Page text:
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11 hours ago, The Jester said:

That's one of the reasons I have a small duffle in the car with change of clothes - also it rains a lot around here.

 

 

That's one of the reasons I do most of my caching in just a pair of board shorts - if it rains or I fall in the water (both a common enough occurrence) it doesn't matter.

 

As for injuries, they've all been while visiting my own caches. Early last year I paddled my kayak around to check on a water-access-only cache, but the only memory I have of it are the photos I took of the container and logbook at GZ and odd dream-like flashes of that day. I presume I slipped on the wet rock (there'd been lots of rain in the weeks beforehand) and banged my head when climbing down from the cache's hiding place, although the only evidence of that was a slimy stain on the bottom of my shorts. The cache has now been moved a bit lower down. Then just recently in October I did the rounds of checking some of my hides after the school holidays, as well as two 6km hikes sussing out and then placing a new hide, and with all the exertion managed to strain my knee. Finally, a couple of weeks back, with the knee seemingly having recovered, I went to check on another hide on Barrenjoey Headland I adopted earlier in the year, only to find it'd been muggled with the logbook taken, so it was back home with the container then up again a few days later to rehide with a new logbook and of course after all that exertion the knee flared up again and is still pretty sore.

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I stood on a concrete block ,diagonally embedded in the ground, to lean over a metal gate and peer to see if there was a cache at base of post... slipped off block several inches onto top of gate. So the same effect as if you'd hit me in the chest with an iron bar. Cracked a couple of ribs. 

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I've never gotten more than some cuts and bruises (including a spectacular purple bump on the forehead when a stubborn magnetic on a STOP sign flew off into my head), but have come dangerously close to stepping on used hypodermic needles on more than one occasion.

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Only scratches and a shredded t-shirt. I did have a snake attempt to strike me, but fortunately there was a chicken wire fence between us and the strike hit that. (I never logged that cache.) I have come upon other snakes (all in the top most poisonous snakes in the world), but no others have been aggressive while I have been caching. I missed by centimeters stepping on one. The tail was pulled away just as I put my foot down. Ever try to get back over a barb-wire fence in a hurry!!!

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At the moment, my body displays three owies.  Two from separate caching mishaps (a rock, a sharp branch), the third simply from me being klutzy on my own time.

 

I figure, if you're not showing signs of recent bleeding, you're not playing hard enough.  :lol:

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So, it was Super Bowl Sunday (eight days ago) and I was trying to change the coords on my geocache because one of the locals had DNF'd it a bunch, so I decided to try to fix the coords cuz my brand-new phone was getting em wrong time and time again. I was going up and down a steep incline, and my foot bent a bit too forwards. Turns out I twisted my ankle, and what a joy that was. I was back up in like two days but it still stings a bit.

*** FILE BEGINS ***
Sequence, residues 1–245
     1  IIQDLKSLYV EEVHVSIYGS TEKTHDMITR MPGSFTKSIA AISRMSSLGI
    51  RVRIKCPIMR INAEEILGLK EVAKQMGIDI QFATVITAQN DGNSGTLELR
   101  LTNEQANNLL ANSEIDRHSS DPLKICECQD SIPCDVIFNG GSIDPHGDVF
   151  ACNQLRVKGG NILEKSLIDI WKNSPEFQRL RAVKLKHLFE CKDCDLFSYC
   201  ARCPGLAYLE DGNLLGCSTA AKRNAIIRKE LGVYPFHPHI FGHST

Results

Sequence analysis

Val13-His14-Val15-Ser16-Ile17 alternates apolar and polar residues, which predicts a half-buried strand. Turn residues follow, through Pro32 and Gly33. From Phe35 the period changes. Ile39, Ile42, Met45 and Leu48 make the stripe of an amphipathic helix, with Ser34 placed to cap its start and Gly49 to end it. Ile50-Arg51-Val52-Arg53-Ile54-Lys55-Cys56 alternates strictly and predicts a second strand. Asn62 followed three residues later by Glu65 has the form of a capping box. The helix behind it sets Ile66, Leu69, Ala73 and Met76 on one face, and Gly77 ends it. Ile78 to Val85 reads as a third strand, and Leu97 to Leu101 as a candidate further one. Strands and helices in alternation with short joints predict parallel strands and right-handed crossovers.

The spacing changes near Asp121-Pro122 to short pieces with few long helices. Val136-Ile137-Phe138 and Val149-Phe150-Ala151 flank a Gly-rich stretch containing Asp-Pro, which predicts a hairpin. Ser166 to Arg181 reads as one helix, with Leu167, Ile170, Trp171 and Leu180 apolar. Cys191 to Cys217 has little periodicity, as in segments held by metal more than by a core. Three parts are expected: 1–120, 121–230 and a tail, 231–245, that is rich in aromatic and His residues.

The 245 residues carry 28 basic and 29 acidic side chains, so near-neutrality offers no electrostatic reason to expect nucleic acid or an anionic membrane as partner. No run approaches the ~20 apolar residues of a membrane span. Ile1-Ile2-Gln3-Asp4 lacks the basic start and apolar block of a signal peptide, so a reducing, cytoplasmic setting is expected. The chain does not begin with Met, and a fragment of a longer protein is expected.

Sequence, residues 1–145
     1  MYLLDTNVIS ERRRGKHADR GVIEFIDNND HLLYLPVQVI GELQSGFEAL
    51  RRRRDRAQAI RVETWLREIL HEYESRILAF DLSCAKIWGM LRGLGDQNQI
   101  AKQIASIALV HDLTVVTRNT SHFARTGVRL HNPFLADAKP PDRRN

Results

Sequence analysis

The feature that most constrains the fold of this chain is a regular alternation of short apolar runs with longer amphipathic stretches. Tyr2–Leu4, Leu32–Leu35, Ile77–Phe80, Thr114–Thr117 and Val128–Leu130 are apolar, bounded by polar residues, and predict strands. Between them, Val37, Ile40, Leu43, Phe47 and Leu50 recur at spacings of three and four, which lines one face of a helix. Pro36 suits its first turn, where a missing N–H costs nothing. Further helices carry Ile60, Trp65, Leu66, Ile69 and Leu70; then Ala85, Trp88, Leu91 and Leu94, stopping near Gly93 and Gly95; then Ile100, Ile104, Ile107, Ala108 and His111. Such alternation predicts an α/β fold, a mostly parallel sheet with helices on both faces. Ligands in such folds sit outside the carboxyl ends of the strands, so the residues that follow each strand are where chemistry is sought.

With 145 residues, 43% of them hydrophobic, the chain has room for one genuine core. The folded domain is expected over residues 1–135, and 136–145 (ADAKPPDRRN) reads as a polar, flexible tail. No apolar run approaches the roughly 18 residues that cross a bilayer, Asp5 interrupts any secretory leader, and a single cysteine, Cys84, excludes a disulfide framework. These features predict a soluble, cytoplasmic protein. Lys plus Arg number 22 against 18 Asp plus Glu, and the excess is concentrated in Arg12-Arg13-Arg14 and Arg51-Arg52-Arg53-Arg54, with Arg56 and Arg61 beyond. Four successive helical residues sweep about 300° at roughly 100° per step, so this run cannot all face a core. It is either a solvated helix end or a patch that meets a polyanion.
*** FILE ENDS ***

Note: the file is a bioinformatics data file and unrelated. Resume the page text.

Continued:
EDIT: I also got a bunch of thorns stuck in my hand whilst hunting on the local Geo Path a while ago.

Edited by harper_finding_stuff

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This might be a good time to remind everyone...

 

Are YOU up to date on your tetanus shots?

 

(Earlier today I dug up my travel vaccination record, and - whew - I'm still good for tetanus plus lots of other exotic things.)  It occurred to me, as a group, we bleed all the time, and even thorns (I think) can be a vector for infection.

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13 hours ago, Viajero Perdido said:

even thorns (I think) can be a vector for infection.

 

Sounds like it.

 

Quote

You can get tetanus after a cat or dog bite, a burn, frostbite, a tractor falling on your leg (crush injury), or falling into a rose bush (puncture wounds from thorns), etc.

 

You watch out for the thorns.  I'm keeping an eye on those tractors.

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Aside from the normal scrapes and contusions (and donated blood from blackberry brambles) an occasional problem is stepping on underground wasps.  I vividly remember the Geo-Hound, who was by my side, and I getting nailed by several wasps after stepping on a nest.  Not good.  Although not deathly allergic, certainly a lot of swelling and some annoying ache.  We look for the activity of the wasps going in and out of the ground, but sometimes walking in the woods, you don't see them.

 

We've been on some near death marches (not really) in the snow on all day caches that resulted in some touch and go on near frozen toes and fingernails.  Once you get your gloves or shoes soaked through in the snow, it is tough to keep warm.  Over time, we've learned to use smartwool socks and long underwear and good gloves, so that issue seems to be in the past.  Even wet, the smartwool keeps the heat in.

 

Given our preference for high terrain caches, we have been lucky.

Edited by Clancy's Crew
Spelling correction